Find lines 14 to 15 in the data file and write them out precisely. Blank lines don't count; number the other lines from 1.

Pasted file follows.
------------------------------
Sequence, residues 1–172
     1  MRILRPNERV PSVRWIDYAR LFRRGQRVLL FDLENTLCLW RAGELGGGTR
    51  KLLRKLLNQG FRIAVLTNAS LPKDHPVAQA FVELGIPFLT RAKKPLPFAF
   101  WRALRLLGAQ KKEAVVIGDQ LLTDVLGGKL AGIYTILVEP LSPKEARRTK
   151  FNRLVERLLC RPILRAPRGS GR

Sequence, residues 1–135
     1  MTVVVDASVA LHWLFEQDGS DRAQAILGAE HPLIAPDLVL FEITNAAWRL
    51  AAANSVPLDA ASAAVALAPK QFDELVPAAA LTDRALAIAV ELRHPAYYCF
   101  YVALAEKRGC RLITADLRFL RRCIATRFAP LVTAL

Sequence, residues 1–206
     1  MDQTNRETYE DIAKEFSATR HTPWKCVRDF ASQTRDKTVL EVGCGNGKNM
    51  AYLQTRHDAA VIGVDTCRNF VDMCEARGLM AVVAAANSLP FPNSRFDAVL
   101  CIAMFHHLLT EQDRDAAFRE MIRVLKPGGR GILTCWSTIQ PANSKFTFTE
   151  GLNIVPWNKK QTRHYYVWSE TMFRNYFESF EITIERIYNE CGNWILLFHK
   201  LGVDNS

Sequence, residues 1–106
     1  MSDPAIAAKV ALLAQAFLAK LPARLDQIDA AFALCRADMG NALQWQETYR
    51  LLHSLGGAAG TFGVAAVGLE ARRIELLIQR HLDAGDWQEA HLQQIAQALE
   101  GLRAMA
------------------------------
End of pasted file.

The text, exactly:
   151  GLNIVPWNKK QTRHYYVWSE TMFRNYFESF EITIERIYNE CGNWILLFHK
   201  LGVDNS